The Passenger Pigeon was described by Linne in the latter part of the 18th century; but was well known in America many years before. In July, 1605, on the coast of Maine, in latitude 43o25', Champlains saw on some islands an "infinite number of pigeons," of which he took a great quantity. Many early historians,who write of the birds of the Atlantic coast region, mention the Pigeons. The Jesuit Fathers, in their first narratives of Acadia, state that the birds were fully as abundant as the fish, and that in their seasons the Pigeons overloaded the trees. Passing from Nova Scotia to Florida, we find that Stork (1766)asserts that they were in such plenty there for three months of the year that an account of them would seem incredible. John Lawson (1790), in his History of Carolina, speaks of prodigious flocks of Pigeons in 1701-02, which broke down trees in the woods where they roosted, and cleared away all the food in the country before them,scarcely leaving one acorn on the ground.. The early settlers in Virginia found the Pigeons in winter "beyond number or imagination." The Plymouth colony was threatened with famine in 1643, when great flocks of Pigeons swept down upon the ripened corn and beat down and ate "a very great quantity of all sorts of English grain". But Winthrop says that in 1648 they came again after the harvest was gathered, and proved a great blessing, "it being incredible what multitudes of them were killed daily."
These great flights of Pigeons in migration extended over vast tracts of country, and usually passed in their greatest numbers for about three (3) days. This is the testimony of observers in many parts of the land. Afterwards, flocks often came along for a week or two longer. Even as late as the decade succeeding 1866 ()such flights continued, and were still observed throughout the eastern States and Canada, except perhaps along the Atlantic coast.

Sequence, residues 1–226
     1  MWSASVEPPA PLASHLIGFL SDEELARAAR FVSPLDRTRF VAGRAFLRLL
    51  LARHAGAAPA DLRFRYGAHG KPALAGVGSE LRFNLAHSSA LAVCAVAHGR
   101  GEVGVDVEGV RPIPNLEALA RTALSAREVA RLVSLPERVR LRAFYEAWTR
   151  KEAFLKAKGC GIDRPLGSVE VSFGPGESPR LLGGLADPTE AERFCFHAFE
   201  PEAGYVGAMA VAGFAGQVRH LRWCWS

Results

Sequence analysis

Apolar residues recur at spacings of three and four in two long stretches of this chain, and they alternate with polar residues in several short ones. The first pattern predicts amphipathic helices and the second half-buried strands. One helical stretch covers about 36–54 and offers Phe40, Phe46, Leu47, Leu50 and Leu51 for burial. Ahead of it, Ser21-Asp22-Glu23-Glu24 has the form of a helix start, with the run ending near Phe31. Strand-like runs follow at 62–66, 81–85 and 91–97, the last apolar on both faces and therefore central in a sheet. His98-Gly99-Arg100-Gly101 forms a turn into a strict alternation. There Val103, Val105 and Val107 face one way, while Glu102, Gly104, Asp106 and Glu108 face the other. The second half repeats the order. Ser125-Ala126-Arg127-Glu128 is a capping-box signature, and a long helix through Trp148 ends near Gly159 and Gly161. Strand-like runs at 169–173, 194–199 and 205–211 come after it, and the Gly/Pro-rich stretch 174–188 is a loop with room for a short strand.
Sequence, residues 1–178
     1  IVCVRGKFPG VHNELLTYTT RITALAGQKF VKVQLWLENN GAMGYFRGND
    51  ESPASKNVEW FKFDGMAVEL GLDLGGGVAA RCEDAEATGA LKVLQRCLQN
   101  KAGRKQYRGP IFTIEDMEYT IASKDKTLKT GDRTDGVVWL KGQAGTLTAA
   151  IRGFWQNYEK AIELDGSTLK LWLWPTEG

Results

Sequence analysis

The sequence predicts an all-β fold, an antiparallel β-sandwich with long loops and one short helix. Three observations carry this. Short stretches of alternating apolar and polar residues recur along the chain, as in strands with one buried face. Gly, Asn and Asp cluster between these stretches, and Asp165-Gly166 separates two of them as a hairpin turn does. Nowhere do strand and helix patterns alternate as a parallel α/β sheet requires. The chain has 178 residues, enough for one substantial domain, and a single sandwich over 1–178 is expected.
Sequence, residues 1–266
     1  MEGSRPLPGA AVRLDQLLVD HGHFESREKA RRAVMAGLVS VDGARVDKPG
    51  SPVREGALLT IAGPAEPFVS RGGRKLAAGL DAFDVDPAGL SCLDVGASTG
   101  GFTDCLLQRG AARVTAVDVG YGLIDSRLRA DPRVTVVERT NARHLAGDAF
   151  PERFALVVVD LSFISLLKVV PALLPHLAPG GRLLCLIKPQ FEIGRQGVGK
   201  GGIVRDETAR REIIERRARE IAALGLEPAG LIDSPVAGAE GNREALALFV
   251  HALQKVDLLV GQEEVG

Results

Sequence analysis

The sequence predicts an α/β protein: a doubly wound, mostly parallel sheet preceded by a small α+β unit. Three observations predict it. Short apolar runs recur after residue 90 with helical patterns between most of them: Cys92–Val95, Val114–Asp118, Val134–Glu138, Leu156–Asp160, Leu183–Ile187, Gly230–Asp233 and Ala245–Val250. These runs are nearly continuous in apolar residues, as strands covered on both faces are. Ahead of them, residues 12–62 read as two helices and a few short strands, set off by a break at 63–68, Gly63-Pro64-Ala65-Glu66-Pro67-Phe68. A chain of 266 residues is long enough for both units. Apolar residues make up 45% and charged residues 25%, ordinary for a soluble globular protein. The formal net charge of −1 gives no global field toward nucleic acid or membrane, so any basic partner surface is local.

About 1850 indications of the disappearance of the Pigeons in the East began to attract some notice. They became rare in Newfoundland in the 60's, though formerly abundant there. They grew fewer in Ontario at that time, but according to Fleming some of the old roosts there were occupied until 1870.
Alexander Wilson, the father of American ornithology, tells of a breeding place of the Wild Pigeons in Shelbyville, Ky.(probably about 1806) which was several miles in breadth, and was said to be more than forty miles in extent. More than one hundred nests were found on a tree. The ground was strewn with broken limbs of trees;also eggs and dead squabs which had been precipitated from above , on which herds of hogs were fattening. He speaks of a flight of these birds from another nesting place some sixty miles away from the first, toward Green River, where they were said to be equally numerous. They were traveling with great steadiness and rapidity, at a height beyond gunshot, several strata deep, very close together, and "from right to left as far as the eye could reach,the breadth of this vast procession extended; seeming everywhere equally crowded." From half-past one to four o'clock in the afternoon, while he was traveling to Frankfort, the same living torrent rolled overhead, seemingly as extensive as ever. He estimated the flock that passed him to be two hundred and forty miles long and a mile wide -- probably much wider -- and to contain two billion two hundred and thirty million, two hundred and seventy-two thousand pigeons. On the supposition that each bird consumed only half a pint of nuts and acorns daily, he reckoned that this column of birds would eat seventeen million, four hundred and twenty-four thousand bushels each day.
Carefully lifting a battered hen, who has never known anything before but brutal handling, out of a transport carrier and placing her on the ground to begin taking her first real dustbath (as opposed to the “vacuum” dustbaths hens try to perform in a cage) is a gesture from which a trusting relationship between human and bird grows. If hens were flowers, it would be like watching a flower unfold, or in the case of a little flock of hens set carefully on the ground together, a little field of flowers transforming themselves from withered stalks into blossoms. For chickens, dustbathing is not only a cleansing activity; it is also a social gathering. Typically, one hen begins the process and is quickly joined by other hens and maybe one or two roosters. Soon the birds are buried so deep in their dustbowls that only the moving tail of a rooster or an outspread wing can be seen a few feet away. Eventually, one by one, the little flock emerges from their ritual entrancement all refreshed. Each bird stands up, vigorously shakes the dirt particles out of his or her feathers, creating a fierce little dust storm before running off to the next engaging activity.
“Birds of same feathers flock together”